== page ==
Fried chicken alternative developed from peanut protein: ‘Five years from now, we want to market every part of the chicken’

By Flora Southey contact

- Last updated on GMT

Image source: Haofood
Image source: Haofood

Related tags: Peanut, Chicken

Haofood says it is the ‘world’s first’ plant-based chicken company to tap peanut protein as its primary ingredient.

Globally, an estimated 50 billion chickens are consumed each year. Asia is responsible for more than one-third (37%) of that demand, where fried chicken is a popular food choice.

While the dish is consumed the world over – the global fried chicken market is worth an impressive $2.4bn (5.4% CAGR) – founder and CEO of Shanghai-based Haofood, Astrid Prajogo, has noted its particular popularity in China. Of the 150,000 restaurants in the start-up’s home city, for example, Prajogo estimates 20% have fried chicken on their menu.

At the same time, a significant number of people in China is interested in plant-based alternatives. An estimated 39% of Chinese are attempting to reduce their meat consumption “because they know meat such as broiler chicken is not good for their health”, ​said Prajogo, and 62% are open to plant-based alternatives.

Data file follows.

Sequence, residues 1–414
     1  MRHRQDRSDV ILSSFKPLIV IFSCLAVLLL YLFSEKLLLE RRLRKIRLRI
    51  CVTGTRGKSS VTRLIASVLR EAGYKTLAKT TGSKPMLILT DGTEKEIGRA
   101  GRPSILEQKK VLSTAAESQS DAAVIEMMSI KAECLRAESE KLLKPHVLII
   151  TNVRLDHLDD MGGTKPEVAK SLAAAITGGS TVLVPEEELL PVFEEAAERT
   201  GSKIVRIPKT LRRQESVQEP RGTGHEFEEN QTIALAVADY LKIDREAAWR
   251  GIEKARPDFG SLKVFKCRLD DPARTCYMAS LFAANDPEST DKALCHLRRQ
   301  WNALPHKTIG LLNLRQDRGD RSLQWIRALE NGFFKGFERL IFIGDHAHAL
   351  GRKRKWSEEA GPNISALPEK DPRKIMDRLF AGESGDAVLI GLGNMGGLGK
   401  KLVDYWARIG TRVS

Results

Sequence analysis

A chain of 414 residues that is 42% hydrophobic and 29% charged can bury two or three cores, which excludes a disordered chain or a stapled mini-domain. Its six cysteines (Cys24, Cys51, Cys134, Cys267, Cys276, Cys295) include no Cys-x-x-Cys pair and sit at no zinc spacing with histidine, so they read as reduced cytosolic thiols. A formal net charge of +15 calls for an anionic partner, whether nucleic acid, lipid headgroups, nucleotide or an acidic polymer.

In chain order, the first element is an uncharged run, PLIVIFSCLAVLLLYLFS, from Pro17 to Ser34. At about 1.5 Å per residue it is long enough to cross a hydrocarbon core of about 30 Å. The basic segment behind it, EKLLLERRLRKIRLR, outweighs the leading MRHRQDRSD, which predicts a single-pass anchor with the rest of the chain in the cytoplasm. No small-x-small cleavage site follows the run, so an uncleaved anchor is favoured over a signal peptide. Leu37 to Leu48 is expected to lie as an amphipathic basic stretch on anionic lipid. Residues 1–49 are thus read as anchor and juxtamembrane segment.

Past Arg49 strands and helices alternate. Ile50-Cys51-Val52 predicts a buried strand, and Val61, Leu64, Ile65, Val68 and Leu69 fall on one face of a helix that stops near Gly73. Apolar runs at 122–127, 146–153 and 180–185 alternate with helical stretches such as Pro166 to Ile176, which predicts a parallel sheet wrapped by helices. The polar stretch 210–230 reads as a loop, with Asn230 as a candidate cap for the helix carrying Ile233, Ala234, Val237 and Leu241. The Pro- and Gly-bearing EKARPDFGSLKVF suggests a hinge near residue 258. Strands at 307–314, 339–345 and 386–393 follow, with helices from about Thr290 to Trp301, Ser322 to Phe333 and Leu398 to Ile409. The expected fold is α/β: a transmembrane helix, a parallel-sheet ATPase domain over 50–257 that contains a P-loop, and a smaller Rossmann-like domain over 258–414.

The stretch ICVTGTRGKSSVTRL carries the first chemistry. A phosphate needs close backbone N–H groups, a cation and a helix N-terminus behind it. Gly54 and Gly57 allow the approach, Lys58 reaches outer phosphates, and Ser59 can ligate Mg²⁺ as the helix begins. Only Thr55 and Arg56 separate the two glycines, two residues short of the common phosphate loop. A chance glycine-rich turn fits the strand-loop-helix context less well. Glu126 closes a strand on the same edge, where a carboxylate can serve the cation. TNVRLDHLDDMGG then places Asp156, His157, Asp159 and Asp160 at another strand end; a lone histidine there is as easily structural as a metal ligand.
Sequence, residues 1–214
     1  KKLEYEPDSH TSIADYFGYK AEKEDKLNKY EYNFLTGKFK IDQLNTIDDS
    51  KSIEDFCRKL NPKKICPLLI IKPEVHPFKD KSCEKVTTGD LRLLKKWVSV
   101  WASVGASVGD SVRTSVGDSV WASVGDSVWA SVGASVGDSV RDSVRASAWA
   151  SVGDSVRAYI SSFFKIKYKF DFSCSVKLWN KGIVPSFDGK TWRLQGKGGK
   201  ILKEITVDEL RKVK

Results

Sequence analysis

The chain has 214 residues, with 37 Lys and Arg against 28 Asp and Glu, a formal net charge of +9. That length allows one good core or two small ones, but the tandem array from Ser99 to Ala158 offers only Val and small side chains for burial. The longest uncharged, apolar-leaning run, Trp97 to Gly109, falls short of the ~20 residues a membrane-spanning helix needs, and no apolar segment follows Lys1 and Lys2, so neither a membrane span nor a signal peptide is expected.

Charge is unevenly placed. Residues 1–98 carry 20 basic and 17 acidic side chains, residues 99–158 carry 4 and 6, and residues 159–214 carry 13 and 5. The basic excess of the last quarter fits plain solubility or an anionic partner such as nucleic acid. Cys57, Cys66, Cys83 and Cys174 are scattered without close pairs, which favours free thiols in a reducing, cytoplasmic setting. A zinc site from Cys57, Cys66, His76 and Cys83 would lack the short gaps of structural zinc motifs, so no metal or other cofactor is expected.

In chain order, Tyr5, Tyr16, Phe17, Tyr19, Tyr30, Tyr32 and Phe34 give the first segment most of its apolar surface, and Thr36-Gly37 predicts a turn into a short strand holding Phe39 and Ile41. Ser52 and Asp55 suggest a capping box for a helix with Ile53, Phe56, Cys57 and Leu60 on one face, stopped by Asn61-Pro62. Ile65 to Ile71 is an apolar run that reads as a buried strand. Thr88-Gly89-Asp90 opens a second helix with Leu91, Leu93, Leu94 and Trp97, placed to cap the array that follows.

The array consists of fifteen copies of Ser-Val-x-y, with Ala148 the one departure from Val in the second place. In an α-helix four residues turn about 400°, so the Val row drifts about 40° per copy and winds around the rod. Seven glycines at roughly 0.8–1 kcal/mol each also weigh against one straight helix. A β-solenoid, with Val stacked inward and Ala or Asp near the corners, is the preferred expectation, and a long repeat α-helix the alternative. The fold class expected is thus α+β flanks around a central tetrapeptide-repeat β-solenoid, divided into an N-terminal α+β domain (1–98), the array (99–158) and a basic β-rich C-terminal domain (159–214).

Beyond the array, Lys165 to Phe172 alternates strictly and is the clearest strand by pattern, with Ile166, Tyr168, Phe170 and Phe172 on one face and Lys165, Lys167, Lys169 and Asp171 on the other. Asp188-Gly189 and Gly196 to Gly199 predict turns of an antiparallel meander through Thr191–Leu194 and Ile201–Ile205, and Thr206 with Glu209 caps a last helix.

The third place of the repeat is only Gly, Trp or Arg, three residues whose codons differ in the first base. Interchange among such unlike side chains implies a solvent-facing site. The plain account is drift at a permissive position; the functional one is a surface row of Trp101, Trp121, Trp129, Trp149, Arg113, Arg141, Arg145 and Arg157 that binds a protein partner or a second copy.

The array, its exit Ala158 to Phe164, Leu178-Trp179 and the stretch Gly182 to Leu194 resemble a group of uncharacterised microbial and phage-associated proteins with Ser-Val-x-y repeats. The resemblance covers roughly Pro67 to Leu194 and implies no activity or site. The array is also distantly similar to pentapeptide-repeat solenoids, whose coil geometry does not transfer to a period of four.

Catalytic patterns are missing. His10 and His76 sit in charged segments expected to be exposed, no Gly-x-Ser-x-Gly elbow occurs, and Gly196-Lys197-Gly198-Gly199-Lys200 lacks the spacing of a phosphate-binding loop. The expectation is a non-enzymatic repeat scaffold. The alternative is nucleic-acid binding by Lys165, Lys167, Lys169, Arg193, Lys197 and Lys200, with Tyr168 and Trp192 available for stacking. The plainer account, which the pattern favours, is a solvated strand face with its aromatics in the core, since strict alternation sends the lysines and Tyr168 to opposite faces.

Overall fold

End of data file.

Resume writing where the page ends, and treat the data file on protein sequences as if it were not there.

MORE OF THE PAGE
However, the Chinese population is ‘not fully satisfied’ with the plant-based offerings currently available, the Haofood CEO told delegates at ProVeg Incubator’s Startup Demo Day last week.

The star ingredient: peanut protein

Having interviewed ‘foodies’ in China to find out more, Haofood concluded that consumers are looking for greater innovation in the plant-based space. “Until now, plant-based meat has been based on soybean,” ​said Prajogo. “The taste and texture reminded them of tofu.”

This may be less of a concern in Western countries, where tofu is not a mainstay of traditional diets. “In China, we eat tofu…every day,” ​explained the founder. Therefore, consumers are expecting a ‘totally different experience’ from plant-based meat alternatives.

peanut Marat Musabirov
GettyImages/Marat Musabirov

“When we started our first product development, our main goal was to have a product [completely different] from the tofu meat experience,” ​Prajogo continued. Having tried and tested a wide variety of proteins, Haofood determined that peanut protein was best suited to the task at hand.

The ingredient is high in protein and fibre, contains zero cholesterol, and is a source of vitamins and minerals, including biotin, copper, niacin, folate, manganese, vitamin E, thiamine, phosphorus, and magnesium.

Further, peanuts are the most water efficient nut, said the CEO. “It uses less fertiliser compared to any other plant protein crop [and] the allergen level towards peanuts in China and Asia…is very low.”

The start-up’s products also contain flaxseed oil, corn oil, curdlan gum and gellan gum.

Haofood uses proprietary methods to create modified textured peanut protein, for which it has submitted three patent applications. The start-up says this method enables the creation of ‘much better’ products than its competitors.

These products have ‘superior texture’ and ‘taste like chicken meat’, Prajogo elaborated, adding that its technology is ‘much more affordable’, and contains omega-3 – ‘just like real chicken’.

Commercialisation plans